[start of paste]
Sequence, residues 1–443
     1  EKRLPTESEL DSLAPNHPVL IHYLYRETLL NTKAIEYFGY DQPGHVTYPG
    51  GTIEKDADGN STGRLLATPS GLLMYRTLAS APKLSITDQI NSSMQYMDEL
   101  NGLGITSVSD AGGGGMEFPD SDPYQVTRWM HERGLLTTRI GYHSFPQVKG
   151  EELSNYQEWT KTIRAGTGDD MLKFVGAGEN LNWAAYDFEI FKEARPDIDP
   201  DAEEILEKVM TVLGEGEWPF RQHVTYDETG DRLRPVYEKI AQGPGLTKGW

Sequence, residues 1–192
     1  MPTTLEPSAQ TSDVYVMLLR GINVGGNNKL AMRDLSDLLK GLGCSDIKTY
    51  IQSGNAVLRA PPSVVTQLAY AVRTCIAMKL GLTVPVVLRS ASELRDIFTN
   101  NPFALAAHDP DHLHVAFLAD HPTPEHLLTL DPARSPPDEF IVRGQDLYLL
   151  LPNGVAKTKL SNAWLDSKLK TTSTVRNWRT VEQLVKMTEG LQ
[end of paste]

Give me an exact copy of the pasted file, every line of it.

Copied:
Sequence, residues 1–443
     1  EKRLPTESEL DSLAPNHPVL IHYLYRETLL NTKAIEYFGY DQPGHVTYPG
    51  GTIEKDADGN STGRLLATPS GLLMYRTLAS APKLSITDQI NSSMQYMDEL
   101  NGLGITSVSD AGGGGMEFPD SDPYQVTRWM HERGLLTTRI GYHSFPQVKG
   151  EELSNYQEWT KTIRAGTGDD MLKFVGAGEN LNWAAYDFEI FKEARPDIDP
   201  DAEEILEKVM TVLGEGEWPF RQHVTYDETG DRLRPVYEKI AQGPGLTKGW

Sequence, residues 1–192
     1  MPTTLEPSAQ TSDVYVMLLR GINVGGNNKL AMRDLSDLLK GLGCSDIKTY
    51  IQSGNAVLRA PPSVVTQLAY AVRTCIAMKL GLTVPVVLRS ASELRDIFTN
   101  NPFALAAHDP DHLHVAFLAD HPTPEHLLTL DPARSPPDEF IVRGQDLYLL
   151  LPNGVAKTKL SNAWLDSKLK TTSTVRNWRT VEQLVKMTEG LQ